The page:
Lawmakers take step closer to banning cancer-causing chemical from cosmetics in US
PFAS have been discovered in a number of cosmetic products
A crackdown on the use of PFAS, or forever chemicals, is taking place in Washington, US, as the country moves to ban their use in cosmetics.
Senate Bill 5703 would forbid the sale and distribution of cosmetics with added PFAS – a known carcinogen that can cause breast, liver and ovarian cancers.
In a Senate vote, representatives passed the bill 26-21, pushing the legislation into the hands of the House.
A public hearing is expected to take place in the House Committee on 22 February, and an executive session is scheduled in the House on 24 February.
PFAS have earned the name ‘forever chemicals’ as they do not naturally degrade.
As a result, they wind up contaminating groundwater once they are released back into the environment.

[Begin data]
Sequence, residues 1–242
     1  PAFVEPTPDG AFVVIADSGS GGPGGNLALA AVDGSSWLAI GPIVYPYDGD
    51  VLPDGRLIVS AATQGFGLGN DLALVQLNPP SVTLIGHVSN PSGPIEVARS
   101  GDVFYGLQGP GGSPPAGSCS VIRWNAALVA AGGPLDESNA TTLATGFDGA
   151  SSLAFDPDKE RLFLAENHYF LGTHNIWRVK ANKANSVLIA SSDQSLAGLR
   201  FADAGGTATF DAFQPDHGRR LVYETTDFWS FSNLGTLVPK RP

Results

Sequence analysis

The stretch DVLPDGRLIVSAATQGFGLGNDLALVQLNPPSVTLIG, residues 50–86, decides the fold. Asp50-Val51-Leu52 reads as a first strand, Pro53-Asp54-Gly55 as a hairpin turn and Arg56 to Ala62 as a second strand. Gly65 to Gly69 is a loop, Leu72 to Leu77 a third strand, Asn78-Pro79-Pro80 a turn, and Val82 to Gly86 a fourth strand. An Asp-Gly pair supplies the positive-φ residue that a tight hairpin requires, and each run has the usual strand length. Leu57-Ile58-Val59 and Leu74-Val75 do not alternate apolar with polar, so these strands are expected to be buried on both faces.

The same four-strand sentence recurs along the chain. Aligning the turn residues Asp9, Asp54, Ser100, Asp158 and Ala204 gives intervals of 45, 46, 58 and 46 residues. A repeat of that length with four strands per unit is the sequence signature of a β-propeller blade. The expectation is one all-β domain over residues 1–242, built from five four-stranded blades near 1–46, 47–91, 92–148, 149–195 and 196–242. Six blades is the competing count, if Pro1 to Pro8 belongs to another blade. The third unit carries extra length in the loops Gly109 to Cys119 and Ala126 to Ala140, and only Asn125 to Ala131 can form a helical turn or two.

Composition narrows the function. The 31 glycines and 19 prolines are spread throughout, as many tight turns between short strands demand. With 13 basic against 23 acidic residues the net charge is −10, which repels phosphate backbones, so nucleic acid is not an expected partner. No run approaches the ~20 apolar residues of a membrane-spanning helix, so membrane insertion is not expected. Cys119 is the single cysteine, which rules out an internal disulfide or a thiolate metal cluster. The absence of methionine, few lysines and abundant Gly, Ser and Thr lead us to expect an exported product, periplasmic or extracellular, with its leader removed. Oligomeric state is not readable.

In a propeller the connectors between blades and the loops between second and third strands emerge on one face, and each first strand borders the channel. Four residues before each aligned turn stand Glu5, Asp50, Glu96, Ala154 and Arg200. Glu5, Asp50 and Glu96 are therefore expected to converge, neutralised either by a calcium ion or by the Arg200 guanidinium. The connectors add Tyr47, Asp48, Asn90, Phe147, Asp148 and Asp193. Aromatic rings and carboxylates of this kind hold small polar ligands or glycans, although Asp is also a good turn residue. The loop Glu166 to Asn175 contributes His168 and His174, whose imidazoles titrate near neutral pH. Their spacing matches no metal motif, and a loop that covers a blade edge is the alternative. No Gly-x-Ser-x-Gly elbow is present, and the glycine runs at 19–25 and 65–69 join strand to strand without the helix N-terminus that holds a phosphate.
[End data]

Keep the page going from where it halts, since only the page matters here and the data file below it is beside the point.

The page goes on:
The US has detected PFAS in drinking water in various cities across the country.
Given their indestructible nature, PFAS are used in cosmetics to increase the durability of products.
They are also harnessed to impart water resistance, increase skin absorption and improve the appearance of skin’s texture.
A study by the University of Notre Dame found dozens of cosmetics sold in the US and Canada contained high levels of ‘toxic’ PFAS.
Cosmetics including mascaras, concealers, foundations, lipsticks and powders, were all found to contain the cancer-causing chemicals.
Products from L’Oréal, Ulta Beauty, CoverGirl and Clinique were tested.
The study did not reveal which brand’s skus contained PFAS, however.